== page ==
There’s no bowl of ramen quite like Yakuza‘s.
About a week ago, Xbox Australia announced probably the most delectable promo for a next-gen game yet: Rags to Riches, a $400 bowl of ramen topped with a golden lobster. It was a tie-in for the Western release of Yakuza: Like a Dragon, which is launching alongside the Xbox Series X/S consoles on November 10 (with a PS5 release in March 2021).
We haven’t done a local Snacktaku in a while — COVID hasn’t helped — so when the opportunity came up to try a $400 bowl of ramen, it was the perfect time to bring it back. But it’s not reasonable for one person to finish an entire lobster and broth made on 10kg of pork bone and 5kg of lobster heads, so I recruited some help.
Alex Walker, Kotaku Australia Editor: Most people wouldn’t have eaten anything like the Yakuza: Like A Dragon Rags to Riches bowl that we enjoyed. Have you ever eaten an entire golden lobster, Tegan?
Tegan Jones, Gizmodo Australia Editor: Never! And I couldn’t agree more about how delicious it was.
I think it could be really easy to assume that it would be good because of presence of the lobster. But it went so far beyond that. Sure, the lobster was great. In fact, it was the best I’ve had in my entire life – juicy, buttery, delicious. But honestly the even bigger hero was the broth.
The owner and head chef revealed that it was made from 11 year old master stock that has been used for the restaurant’s ramen the entire time it’s been open. That was super special to me. Like one of our mates, Fergus Halliday said, it was like eating history.
Alex: Absolutely. I mean, for one, there’s only two actual bowls of the stuff being made. That’s incredibly rare and special. Gumshara’s head chef, Mori Higashida explained that he had the idea of making a lobster ramen almost a full decade ago, but the opportunity never arose. So when the team working on Yakuza: Like A Dragon came around and wanted something appropriately extra, I mean … gold leaf nori? Over 15 kilos of pork and lobster? The fact that the master stock is used so frequently that they boil over two hundred kilograms of fresh pork bones every week?
No wonder it’s so incredibly rich. To give it more of a tactile feeling for readers, I’d ask them to imagine doing a big pork roast. Take that huge, juicy bit of meat, and just imagine the drippings, small bits of meat, that wonderful fond that fills up the bottom of the roasting pan.
Now imagine that’s turned into a thick, deep brown liquor gets turned into a bowl of ramen. And that’s what’s most incredible: the bowl starts with a relatively normal thick, tonkatsu colour. As you work your way through the dish, it transforms almost a gumbo-like colour. It’s unreal.
Tegan: Stoooooop now I’m hungry for more. But honestly you’ve got that exactly right. Of course in this case the broth was imbued with a wonderful lobster flavour as well, but I imagine the regular ramen you get can get from Gumshara would be similar in terms of the richness. I’ll certainly be going back to find out.
It thickened in real time – the further done we got into the bowl the richer and thicker it got. This also meant that it coated the noodles beautifully, clinging to them almost. They worked together in harmony rather than separate entities.
Alex: And that’s probably one of the more unusual features — I’m not used to a broth getting richer and thicker as you eat it. Nor am I accustomed to having so many people watch as I slurp noodles.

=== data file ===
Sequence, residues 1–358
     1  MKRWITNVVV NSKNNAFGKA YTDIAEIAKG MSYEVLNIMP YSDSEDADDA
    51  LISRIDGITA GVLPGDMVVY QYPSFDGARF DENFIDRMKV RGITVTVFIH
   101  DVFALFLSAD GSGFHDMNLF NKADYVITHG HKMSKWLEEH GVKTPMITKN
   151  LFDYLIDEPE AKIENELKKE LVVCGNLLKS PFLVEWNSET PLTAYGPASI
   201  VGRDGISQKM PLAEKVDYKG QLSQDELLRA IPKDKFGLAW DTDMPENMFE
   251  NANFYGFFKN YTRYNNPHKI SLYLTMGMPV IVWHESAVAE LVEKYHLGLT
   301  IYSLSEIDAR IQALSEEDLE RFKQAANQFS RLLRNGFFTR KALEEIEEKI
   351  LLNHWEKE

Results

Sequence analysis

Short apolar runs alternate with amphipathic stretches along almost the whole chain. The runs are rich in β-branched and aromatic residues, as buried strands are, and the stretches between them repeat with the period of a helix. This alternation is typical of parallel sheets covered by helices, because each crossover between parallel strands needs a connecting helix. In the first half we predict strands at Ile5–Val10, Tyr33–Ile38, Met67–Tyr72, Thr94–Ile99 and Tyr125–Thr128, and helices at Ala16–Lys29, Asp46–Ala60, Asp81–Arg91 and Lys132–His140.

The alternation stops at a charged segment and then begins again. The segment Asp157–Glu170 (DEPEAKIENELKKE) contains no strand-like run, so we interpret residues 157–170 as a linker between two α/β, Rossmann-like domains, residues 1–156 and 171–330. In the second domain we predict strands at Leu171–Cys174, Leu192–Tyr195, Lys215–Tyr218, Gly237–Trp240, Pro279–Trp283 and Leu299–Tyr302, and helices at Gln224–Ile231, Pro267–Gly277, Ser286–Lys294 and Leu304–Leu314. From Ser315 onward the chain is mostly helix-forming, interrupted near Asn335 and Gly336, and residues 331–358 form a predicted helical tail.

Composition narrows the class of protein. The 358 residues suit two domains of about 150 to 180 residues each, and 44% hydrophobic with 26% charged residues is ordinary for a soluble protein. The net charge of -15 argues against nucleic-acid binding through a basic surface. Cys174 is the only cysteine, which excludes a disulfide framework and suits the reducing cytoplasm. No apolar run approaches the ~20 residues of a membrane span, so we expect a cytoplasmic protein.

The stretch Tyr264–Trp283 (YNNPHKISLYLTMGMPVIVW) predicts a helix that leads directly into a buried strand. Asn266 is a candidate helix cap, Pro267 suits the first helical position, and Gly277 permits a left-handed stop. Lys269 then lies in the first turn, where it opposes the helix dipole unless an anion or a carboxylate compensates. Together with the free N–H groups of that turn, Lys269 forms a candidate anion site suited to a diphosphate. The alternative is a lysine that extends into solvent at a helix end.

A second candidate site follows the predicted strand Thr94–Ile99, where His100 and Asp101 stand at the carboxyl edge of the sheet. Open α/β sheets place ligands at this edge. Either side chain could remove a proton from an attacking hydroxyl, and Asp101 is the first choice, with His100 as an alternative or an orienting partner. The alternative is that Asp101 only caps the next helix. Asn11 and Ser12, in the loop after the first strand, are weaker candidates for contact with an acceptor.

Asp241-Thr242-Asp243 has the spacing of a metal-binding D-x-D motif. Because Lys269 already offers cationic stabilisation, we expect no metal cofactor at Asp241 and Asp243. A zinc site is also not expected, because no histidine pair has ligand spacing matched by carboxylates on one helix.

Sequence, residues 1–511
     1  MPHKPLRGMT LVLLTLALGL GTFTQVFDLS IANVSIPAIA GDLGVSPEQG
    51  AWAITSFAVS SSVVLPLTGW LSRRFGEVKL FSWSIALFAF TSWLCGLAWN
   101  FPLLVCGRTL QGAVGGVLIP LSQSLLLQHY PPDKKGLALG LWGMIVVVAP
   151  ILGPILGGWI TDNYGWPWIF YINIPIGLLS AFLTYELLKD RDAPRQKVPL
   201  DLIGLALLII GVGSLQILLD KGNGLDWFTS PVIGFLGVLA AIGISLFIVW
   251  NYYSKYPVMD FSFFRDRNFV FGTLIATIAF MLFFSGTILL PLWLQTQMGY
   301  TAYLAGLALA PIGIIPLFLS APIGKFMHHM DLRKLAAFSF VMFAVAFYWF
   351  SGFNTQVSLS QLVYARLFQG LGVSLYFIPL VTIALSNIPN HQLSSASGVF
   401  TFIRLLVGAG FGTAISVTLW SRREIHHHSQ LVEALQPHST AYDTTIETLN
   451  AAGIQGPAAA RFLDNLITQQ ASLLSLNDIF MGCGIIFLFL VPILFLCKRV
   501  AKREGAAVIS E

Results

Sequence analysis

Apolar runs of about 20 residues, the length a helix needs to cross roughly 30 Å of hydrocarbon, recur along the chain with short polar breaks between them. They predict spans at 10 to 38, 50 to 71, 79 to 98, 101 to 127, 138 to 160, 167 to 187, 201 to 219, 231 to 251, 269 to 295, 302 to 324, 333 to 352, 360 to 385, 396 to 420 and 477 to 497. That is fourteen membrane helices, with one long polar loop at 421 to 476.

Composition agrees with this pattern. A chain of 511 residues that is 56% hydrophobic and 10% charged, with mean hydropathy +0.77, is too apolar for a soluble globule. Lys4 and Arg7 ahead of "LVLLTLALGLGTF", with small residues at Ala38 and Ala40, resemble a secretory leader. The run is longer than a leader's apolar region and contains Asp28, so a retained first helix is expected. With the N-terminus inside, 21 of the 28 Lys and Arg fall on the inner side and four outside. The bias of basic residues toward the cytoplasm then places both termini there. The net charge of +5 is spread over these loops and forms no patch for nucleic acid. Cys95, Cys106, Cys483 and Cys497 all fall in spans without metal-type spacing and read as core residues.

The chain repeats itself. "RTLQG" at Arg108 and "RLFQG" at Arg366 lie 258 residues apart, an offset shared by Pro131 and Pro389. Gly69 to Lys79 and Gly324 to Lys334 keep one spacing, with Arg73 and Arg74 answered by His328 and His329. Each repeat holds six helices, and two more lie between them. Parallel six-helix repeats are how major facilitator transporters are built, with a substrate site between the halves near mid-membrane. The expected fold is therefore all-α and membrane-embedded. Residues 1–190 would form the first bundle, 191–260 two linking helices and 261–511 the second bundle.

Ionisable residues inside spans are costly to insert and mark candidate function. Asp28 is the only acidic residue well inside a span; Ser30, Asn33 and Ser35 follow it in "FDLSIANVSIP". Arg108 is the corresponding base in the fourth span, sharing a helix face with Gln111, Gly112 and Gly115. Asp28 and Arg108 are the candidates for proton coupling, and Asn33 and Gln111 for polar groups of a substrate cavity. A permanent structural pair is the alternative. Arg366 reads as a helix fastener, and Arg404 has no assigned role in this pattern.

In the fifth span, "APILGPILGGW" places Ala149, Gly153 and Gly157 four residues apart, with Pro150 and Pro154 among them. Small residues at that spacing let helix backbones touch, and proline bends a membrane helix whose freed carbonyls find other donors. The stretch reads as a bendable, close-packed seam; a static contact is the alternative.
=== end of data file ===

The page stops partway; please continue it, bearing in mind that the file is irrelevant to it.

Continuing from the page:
But that’s unavoidable at Gumshara; it’s situated in one of Sydney Chinatown’s oldest food courts — a place I used to go a lot as a kid, funnily enough — and there’s no pomp and circumstance. You go there to have tasty, unfussy, good food. It just also happens that a chef there is talented enough to make some of Sydney’s best ramen, and a $400 bowl at that.
Another thing that comes to mind: spring onions. They’re standard in all ramens, of course, but what was so fascinating with the Yakuza bowl was how much freshness they provided against the richness of the broth. Spring onions in most Australian bowls of ramen are really more for texture; they give you something to chew against. The broth is never so thick or viscous that the spring onions provide a genuine contrast, but here, they were absolutely essential in cutting through the fat of the meat.
If I’m being honest, I could have grabbed some more spring onions. That’s not a knock against the ramen at all — it’s just so unusual to have a bowl of ramen where spring onions have such an impact.
Tegan: Completely agree, the spring onions added some freshness and sweetness that cut through the richness of the broth beautifully.
I’m also a big fan of the the Eating World food court. I’m a big believer that the best food in any given city isn’t found in the fanciest or most highly priced restaurants. The best meals of my life have always been hidden away in the little nooks and crannies. Down laneways, wedged between two other businesses, and even in food courts. My philosophy is if a ton of locals are there, its probably really good. It’s how we approached Japan when travel was still a thing, and the same can be said for Gumshara.
Sure, in this case it was a pricey dish, but the regular ramen looks just as tasty, even without the giant gold lobster.
If you’re based in Sydney — or can somehow get to Gumshara for a $400 bowl of ramen — you can enter in the Yakuza: Like a Dragon Rags to Riches competition via the Xbox Australia Twitter account. If you can’t, but can still get to Gumshara, you should — their pork spare rib ramen comes highly recommended.
As for Yakuza: Like a Dragon itself, it’ll launch on Xbox Series X/S, Xbox, PC and the PS4 on November 10, with a PS5 version due out on March 2, 2021.